Food Labeling Requirements and Efficient Labeling Methods
Proper food labeling helps consumers make more informed decisions about their nutrition, and is a critical factor in traceability and security for manufacturers. The food and beverage suppliers who label their products must work within government regulations for food labeling as well as any additional food labeling requirements set by major retailers to improve traceability. Meeting these increasingly stringent requirements can be costly and time-consuming for manufacturers, especially for those operating on thin margins.
Fortunately, there are automated food labeling methods that can help suppliers more efficiently fulfill labeling requirements and help keep consumers safe.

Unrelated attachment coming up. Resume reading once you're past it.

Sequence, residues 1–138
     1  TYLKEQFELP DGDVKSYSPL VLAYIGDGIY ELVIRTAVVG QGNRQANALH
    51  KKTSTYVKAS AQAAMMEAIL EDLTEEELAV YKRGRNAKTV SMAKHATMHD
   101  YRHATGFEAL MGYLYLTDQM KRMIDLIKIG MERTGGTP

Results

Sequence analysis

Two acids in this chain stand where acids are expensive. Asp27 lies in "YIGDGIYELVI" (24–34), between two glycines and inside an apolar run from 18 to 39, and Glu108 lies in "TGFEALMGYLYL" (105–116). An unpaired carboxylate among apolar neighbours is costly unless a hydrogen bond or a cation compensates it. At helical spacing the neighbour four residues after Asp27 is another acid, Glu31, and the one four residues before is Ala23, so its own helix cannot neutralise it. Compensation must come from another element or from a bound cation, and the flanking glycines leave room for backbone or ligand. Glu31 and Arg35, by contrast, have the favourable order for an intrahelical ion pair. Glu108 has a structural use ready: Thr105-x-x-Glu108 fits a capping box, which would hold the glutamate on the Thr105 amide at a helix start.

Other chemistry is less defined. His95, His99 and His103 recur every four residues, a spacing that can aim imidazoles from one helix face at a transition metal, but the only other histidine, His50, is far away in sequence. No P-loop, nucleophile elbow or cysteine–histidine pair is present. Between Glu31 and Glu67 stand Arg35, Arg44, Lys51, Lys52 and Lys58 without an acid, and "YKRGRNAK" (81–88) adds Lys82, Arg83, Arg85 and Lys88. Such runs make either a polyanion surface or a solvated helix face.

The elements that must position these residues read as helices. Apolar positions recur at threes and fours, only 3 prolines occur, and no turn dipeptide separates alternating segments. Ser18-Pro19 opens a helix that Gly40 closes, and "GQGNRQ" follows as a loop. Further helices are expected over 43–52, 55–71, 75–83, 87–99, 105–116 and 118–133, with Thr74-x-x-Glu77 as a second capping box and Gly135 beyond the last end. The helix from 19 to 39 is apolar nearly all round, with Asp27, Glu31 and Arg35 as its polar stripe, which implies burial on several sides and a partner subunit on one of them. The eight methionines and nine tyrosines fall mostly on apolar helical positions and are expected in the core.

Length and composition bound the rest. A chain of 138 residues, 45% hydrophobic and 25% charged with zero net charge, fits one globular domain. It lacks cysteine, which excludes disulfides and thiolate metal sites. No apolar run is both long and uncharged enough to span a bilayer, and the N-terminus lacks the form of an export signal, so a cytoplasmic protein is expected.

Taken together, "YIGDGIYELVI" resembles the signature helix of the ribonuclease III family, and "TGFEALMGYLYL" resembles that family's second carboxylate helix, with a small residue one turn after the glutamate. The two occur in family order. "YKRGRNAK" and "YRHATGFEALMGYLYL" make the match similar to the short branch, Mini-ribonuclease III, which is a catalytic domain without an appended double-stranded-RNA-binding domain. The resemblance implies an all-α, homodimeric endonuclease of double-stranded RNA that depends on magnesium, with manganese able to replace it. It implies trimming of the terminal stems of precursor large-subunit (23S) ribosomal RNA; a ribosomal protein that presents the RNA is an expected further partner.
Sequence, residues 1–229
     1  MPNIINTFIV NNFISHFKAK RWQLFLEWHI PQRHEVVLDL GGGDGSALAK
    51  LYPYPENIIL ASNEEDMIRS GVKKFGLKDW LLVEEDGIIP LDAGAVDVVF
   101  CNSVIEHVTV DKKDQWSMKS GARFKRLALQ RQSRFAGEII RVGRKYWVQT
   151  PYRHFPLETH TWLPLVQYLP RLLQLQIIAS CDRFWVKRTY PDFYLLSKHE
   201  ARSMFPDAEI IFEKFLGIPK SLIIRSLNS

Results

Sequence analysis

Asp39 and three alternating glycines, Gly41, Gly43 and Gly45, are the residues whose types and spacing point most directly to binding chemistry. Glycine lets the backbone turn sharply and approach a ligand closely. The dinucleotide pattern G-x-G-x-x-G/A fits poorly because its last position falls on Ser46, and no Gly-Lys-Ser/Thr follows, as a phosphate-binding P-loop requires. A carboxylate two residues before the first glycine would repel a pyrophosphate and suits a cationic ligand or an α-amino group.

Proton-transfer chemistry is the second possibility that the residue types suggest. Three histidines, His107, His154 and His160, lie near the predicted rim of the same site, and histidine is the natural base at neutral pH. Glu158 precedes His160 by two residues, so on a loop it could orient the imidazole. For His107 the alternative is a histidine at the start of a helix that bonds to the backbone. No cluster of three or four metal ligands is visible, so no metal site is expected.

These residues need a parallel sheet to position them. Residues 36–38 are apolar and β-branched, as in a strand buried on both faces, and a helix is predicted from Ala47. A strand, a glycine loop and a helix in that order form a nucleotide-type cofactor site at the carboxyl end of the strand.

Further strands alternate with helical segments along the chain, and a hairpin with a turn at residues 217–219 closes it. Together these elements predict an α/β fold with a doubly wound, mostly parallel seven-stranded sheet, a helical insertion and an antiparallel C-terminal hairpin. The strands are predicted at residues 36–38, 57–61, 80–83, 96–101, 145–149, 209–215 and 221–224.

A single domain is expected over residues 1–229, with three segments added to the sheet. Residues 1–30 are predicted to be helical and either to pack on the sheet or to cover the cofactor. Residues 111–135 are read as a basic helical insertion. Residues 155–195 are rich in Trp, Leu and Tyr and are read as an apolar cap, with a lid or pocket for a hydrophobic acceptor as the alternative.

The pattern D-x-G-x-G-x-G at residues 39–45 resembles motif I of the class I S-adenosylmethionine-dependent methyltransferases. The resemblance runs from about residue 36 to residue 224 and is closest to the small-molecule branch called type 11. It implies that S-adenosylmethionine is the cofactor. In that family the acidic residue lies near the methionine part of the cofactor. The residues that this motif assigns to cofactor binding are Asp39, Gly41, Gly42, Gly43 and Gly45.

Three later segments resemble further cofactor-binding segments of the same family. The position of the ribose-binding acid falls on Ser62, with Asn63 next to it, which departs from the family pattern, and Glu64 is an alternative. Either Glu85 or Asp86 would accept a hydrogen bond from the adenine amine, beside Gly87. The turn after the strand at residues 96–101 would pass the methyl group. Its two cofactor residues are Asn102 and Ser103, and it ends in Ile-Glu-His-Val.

What is Food Labeling?
Food labeling refers to the labeling of an individual food product, such as a box of cereal or a bag of chips, or the labeling of pallets and totes containing bulk shipments of food products.
Food Labeling Requirements: Food and Drug Administration
The food and beverage industry has strict labeling requirements set by the Food and Drug Administration (FDA).
The FDA’s food labeling guide notes that there are two ways labels can be placed on packages and containers:
- Place all required label statements on the front label panel (the principal display panel or PDP), or,
- Place certain specified label statements on the PDP and other labeling on the information panel (the label panel immediately to the right of the PDP, as seen by the consumer facing the product).
The PDP is the “portion of the package label that is most likely to be seen by the consumer at the time of purchase.” The statement of identity (name of the food) and the net quantity statement (amount of product) are required here.
To the right of the PDP is the information panel, which includes: